RR: “Three reviewers, three different perspectives. On one extreme, we've got Gillen who thinks reviewers should take pricing into consideration. On the other, we've got McCarthy who thinks the dead opposite. Somewhere in between the two, albeit closer to McCarthy's camp, Porter thinks pricing should only minimally influence the reviewer when it's extraordinarily high. Are you following all this?”

    Porter: “Could there be confusion? Almost definitely. When we gave Wii Play a fairly low score, there was a cry from many forums claiming that we were wrong to score a game that essentially cost five pounds in such a harsh way. It was agreed that it wasn't a great title, but all were willing to pay the asking price due to the Remote they received in the package. A shrewd piece of marketing by Nintendo who were obviously aware that all who purchased a Wii also owned Wii Sports – a title that near demanded a second Remote to be fully enjoyed. In the case of Rock Band, we awarded a high score. The game is excellent. Would we have come under fire from the same people who didn't agree with the Wii Play score had we marked it down to a four simply because of its high price? Definitely.”

    RR: “So what about import reviews – can mags really be blamed for reviewing foreign code for the sake of an early review?”

    Gillen: “Imports isn't really relevant to what I mainly do – a lot of mags re-review when it gets a UK release, like the lovely NGamer. What may be relevant is when I get sent a boxed copy of a game which is available much cheaper online, like many casual games. In that case, yeah, it affects the mark – as I'm reviewing the package I was sent and I'll actively point people in the direction of where they should get it from in the text.”

    RR: “There's a lot of sense in that argument. To describe the job of the reviewer as being to review the game purely on its merits to the exclusion of all else would be misleading semantics. The real reason reviewers exist is to allow the reader to vicariously experience the game through them so they know if it's something they need to buy. In this sense, wouldn't ignoring the price be effectively ignoring the fact that in the real world, people have to pay for stuff?”

    McCarthy: “I don't have a massive amount of sympathy for people complaining about the price of Rock Band. If you don't like the price, don't buy the game. Or move somewhere better than Britain. I mean, it's not just games, is it? As for the general point: if reviewers want to review a game based on its price, that's up to them, as long as they make it clear that's what they're doing. I'm basically in favour of reviewers reviewing a game however they want, as long as they make clear the basis upon which they form their judgements.”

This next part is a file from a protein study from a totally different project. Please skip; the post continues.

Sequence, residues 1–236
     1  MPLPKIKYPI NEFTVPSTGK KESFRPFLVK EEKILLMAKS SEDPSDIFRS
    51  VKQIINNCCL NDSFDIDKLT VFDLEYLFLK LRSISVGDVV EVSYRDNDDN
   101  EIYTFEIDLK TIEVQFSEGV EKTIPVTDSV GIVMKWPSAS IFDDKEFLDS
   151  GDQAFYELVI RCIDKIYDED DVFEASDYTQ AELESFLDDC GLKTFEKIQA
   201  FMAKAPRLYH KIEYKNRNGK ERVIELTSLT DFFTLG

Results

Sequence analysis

Porter: “Wherever there is room for confusion and complaint, you can be sure that some will be confused and complain about it. I doubt there's any real solution to the problem. All that can be asked is that each magazine team is aware of the readership it has and points out issues where they see fit.”

    RR: “The most important point underpinning McCarthy and Porter's argument is that there has to be clarity when it comes to the magazine, or the reviewer, getting the approach they're taking in the review across to the reader. But in an age where people will log on to MetaCritic to view a list of scores, or will happily just flick through to the last paragraph of a mag's review in WHSmith, what are the readers expecting?”

    Gillen: “I suppose it's a natural conclusion of 'Some People Just Read The Mark'. If that's all they read, you need to actually carry the message, 'Not Worth It', in there. People who read the review will make up their own mind. And – frankly – publishers should be punished for trying it on.”

    RR: “As compelling as the well considered and largely well-meaning viewpoints of fine journalists such as McCarthy and Porter are, particularly the attitude of reviewing the “game” rather than the “product”, it's hard not to ultimately agree with Gillen on this one. At the end of the day, we're not just here to tell the readers what's worth investing their time, and nothing more, in. Some other reviewers really do need reminding occasionally that their readers, those people they write for (remember them… anyone?), don't generally get sent stuff for free.

    Gillen: “I suppose the central point is, 'I think that games journalists should remember when they spent thirty quid on a game and felt ripped off'. It's a good general rule.”


    1. It seems to follow this dynamic: If the game is cheap, the review score is bumped up because it's "...a great game for only £20!" or whatever.

      If the game's expensive, it's ignored. That dynamic is obviously broken.

      Also, everyone writing about games likes it when they're cheap, as it makes their weekly CEX bonus all the sweeter.

    2. i think the answer is fairly obvious - review the game as an experience, and then comment upon commercial value.

      this could then be summarised as a ratio of score to cost, so that a brilliant, dirt cheap game gets a high ratio and a lacklustre, expensive game gets a low ratio.

      hmmm - maybe reviewers should consider replacing scores out of 100 with scores in terms of currency. then you could correct them for inflation &c.

    3. david7:19 pm


      In my opinion, price definately affects the experience. I just bought Mirror's Edge for £5 on PC - had I paid the usual £20-25 I would have been left feeling a bit disapointed - but for £5 it's a 9/10 for me

    4. Your Mum's Fat Arse5:30 pm

      Rick Porter is a rodent-faced cock muncher.

    5. Anonymous10:54 pm

      Personally, I like to score games based on the amount I'd be willing to pay for them. The idea being that if you can find it for that price or less, then I would consider it a worthwhile purchase.

      Rhythm Tengoku - £40
      Dragon Age - £20
      Torchlight - £5

      And so on.